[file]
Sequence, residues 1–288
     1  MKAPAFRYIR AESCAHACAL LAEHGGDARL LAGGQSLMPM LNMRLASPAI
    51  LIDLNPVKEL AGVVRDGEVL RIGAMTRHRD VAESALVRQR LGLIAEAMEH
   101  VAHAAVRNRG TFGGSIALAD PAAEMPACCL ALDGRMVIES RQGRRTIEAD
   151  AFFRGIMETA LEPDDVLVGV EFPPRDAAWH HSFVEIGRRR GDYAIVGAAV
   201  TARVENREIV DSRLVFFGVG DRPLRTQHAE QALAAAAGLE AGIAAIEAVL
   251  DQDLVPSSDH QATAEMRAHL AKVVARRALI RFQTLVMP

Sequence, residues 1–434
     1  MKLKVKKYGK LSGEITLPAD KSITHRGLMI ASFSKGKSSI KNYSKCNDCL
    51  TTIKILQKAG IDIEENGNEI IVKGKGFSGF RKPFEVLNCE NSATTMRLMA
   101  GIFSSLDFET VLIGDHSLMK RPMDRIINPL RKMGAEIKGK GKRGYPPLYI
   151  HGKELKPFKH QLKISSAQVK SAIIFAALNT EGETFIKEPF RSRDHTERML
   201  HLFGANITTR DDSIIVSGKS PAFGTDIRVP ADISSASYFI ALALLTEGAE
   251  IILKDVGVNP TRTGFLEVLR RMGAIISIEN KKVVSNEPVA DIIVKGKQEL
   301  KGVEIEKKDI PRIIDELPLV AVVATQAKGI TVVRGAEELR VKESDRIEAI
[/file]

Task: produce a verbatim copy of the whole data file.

Sequence, residues 1–288
     1  MKAPAFRYIR AESCAHACAL LAEHGGDARL LAGGQSLMPM LNMRLASPAI
    51  LIDLNPVKEL AGVVRDGEVL RIGAMTRHRD VAESALVRQR LGLIAEAMEH
   101  VAHAAVRNRG TFGGSIALAD PAAEMPACCL ALDGRMVIES RQGRRTIEAD
   151  AFFRGIMETA LEPDDVLVGV EFPPRDAAWH HSFVEIGRRR GDYAIVGAAV
   201  TARVENREIV DSRLVFFGVG DRPLRTQHAE QALAAAAGLE AGIAAIEAVL
   251  DQDLVPSSDH QATAEMRAHL AKVVARRALI RFQTLVMP

Sequence, residues 1–434
     1  MKLKVKKYGK LSGEITLPAD KSITHRGLMI ASFSKGKSSI KNYSKCNDCL
    51  TTIKILQKAG IDIEENGNEI IVKGKGFSGF RKPFEVLNCE NSATTMRLMA
   101  GIFSSLDFET VLIGDHSLMK RPMDRIINPL RKMGAEIKGK GKRGYPPLYI
   151  HGKELKPFKH QLKISSAQVK SAIIFAALNT EGETFIKEPF RSRDHTERML
   201  HLFGANITTR DDSIIVSGKS PAFGTDIRVP ADISSASYFI ALALLTEGAE
   251  IILKDVGVNP TRTGFLEVLR RMGAIISIEN KKVVSNEPVA DIIVKGKQEL
   301  KGVEIEKKDI PRIIDELPLV AVVATQAKGI TVVRGAEELR VKESDRIEAI